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Mobilising International Law for Global Justice

Mobilising International Law for Global Justice

Abstract

In a recent book on ‘Mobilising International Law for Global Justice’ Barbara Oomen explores the phenomenon of ‘human rights cities’, the many different ways in which this phenomenon manifests itself, and the ways in which this relates to the politics of bringing human rights home to the local level. Explicit reference to human rights in formulating urban policies might be the common denominator here, but there is a wide variance in what cities refer to international legal instruments and for what reasons; in who are the driving forces behind the choices involved; and in the results. She discusses the experience of 3 European cities in this field, and argues that  the rise of human rights cities calls for a rethinking of the notion of rights realisation as a manifestation of globalisation. A more appropriate term would be that of ‘glocalisation’, in which developments at the local level are constitutive of what happens globally, and the relationship between the global and the local is dialectical rather than unidirectional.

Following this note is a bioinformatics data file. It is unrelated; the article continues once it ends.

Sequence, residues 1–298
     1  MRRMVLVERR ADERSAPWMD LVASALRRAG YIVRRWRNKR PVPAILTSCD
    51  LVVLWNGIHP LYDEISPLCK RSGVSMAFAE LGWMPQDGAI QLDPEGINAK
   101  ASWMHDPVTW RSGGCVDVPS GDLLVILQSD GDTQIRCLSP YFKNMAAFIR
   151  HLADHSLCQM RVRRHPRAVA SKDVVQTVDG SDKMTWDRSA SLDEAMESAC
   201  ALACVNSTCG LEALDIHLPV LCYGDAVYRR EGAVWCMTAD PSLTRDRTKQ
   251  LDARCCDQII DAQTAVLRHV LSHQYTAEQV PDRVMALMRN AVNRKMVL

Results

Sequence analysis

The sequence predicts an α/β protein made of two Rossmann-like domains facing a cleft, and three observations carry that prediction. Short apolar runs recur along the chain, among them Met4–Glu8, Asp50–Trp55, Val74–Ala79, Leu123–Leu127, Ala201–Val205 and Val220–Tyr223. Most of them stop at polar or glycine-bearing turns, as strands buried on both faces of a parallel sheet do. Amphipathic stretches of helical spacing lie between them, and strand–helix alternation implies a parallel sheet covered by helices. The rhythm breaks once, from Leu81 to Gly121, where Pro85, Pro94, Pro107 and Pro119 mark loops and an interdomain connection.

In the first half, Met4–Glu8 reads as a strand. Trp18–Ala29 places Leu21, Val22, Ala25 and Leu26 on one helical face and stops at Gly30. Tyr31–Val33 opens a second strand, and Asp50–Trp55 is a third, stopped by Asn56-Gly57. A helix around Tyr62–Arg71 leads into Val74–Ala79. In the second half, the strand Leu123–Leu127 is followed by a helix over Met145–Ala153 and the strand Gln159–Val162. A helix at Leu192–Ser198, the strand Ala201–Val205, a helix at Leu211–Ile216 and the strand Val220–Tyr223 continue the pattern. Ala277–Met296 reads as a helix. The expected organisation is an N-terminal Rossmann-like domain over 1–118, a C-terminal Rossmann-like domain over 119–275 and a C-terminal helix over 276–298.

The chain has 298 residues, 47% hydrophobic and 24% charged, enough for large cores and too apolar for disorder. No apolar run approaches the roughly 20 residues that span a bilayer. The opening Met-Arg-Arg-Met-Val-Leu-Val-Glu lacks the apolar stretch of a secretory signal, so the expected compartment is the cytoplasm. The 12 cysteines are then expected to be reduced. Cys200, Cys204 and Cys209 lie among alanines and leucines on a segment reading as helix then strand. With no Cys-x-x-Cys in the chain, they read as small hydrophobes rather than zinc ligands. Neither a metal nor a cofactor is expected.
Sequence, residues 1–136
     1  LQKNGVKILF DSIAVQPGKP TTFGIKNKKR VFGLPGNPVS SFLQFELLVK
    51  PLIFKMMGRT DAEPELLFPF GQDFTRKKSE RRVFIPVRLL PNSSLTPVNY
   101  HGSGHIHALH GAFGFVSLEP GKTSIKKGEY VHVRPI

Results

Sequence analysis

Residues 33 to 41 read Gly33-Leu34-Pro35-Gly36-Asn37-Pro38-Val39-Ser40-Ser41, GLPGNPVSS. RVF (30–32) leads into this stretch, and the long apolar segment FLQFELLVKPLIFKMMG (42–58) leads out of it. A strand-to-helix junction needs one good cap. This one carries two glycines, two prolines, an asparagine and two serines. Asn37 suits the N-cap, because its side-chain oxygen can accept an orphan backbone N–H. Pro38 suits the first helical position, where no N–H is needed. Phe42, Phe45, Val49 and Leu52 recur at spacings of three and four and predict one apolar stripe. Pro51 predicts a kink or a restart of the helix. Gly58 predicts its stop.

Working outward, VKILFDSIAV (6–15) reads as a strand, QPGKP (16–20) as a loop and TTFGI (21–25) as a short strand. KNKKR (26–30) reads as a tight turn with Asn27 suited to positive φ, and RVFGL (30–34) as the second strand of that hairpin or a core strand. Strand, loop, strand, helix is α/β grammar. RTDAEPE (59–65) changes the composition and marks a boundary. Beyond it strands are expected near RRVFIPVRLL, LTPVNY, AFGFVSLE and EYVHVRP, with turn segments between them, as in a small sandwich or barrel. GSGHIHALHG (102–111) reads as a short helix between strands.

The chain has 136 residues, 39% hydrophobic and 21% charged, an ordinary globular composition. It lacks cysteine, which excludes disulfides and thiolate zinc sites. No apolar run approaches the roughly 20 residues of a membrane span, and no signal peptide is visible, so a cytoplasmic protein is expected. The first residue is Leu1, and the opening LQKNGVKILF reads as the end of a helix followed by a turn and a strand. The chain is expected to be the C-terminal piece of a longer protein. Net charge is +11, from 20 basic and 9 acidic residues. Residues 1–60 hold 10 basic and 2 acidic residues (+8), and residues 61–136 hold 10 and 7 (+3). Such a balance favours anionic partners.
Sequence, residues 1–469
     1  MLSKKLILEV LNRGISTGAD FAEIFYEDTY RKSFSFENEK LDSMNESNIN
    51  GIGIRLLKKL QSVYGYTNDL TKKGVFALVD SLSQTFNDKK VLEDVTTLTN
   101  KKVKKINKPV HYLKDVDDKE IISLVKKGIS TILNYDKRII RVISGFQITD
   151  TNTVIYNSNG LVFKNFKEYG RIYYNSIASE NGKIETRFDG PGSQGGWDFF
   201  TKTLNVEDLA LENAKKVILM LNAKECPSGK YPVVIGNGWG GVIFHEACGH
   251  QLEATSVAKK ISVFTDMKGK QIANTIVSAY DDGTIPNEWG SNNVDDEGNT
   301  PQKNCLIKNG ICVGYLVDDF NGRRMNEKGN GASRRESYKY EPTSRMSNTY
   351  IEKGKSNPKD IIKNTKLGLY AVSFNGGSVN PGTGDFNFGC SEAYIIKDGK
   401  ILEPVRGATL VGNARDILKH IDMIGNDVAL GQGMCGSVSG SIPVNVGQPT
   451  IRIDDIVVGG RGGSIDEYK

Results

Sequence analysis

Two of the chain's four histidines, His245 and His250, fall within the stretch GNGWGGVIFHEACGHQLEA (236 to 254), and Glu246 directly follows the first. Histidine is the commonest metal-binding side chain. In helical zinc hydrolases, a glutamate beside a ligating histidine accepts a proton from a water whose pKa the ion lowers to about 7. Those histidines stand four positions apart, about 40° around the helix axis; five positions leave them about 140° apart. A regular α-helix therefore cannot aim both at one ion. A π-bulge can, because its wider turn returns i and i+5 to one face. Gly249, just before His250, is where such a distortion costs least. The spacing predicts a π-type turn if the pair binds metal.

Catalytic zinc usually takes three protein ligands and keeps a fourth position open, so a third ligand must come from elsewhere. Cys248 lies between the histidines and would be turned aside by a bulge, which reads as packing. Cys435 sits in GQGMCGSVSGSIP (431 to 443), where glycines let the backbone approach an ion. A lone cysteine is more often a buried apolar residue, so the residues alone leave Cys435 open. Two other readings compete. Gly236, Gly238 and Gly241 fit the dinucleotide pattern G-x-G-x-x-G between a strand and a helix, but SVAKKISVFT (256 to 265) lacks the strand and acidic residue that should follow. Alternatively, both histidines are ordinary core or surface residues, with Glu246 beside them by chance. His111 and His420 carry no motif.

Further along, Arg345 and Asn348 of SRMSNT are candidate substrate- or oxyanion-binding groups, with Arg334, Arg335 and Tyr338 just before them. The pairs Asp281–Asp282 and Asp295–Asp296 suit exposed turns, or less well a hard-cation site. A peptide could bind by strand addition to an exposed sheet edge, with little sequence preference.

Keywords

  • Human rights
  • Integration
  • Refuge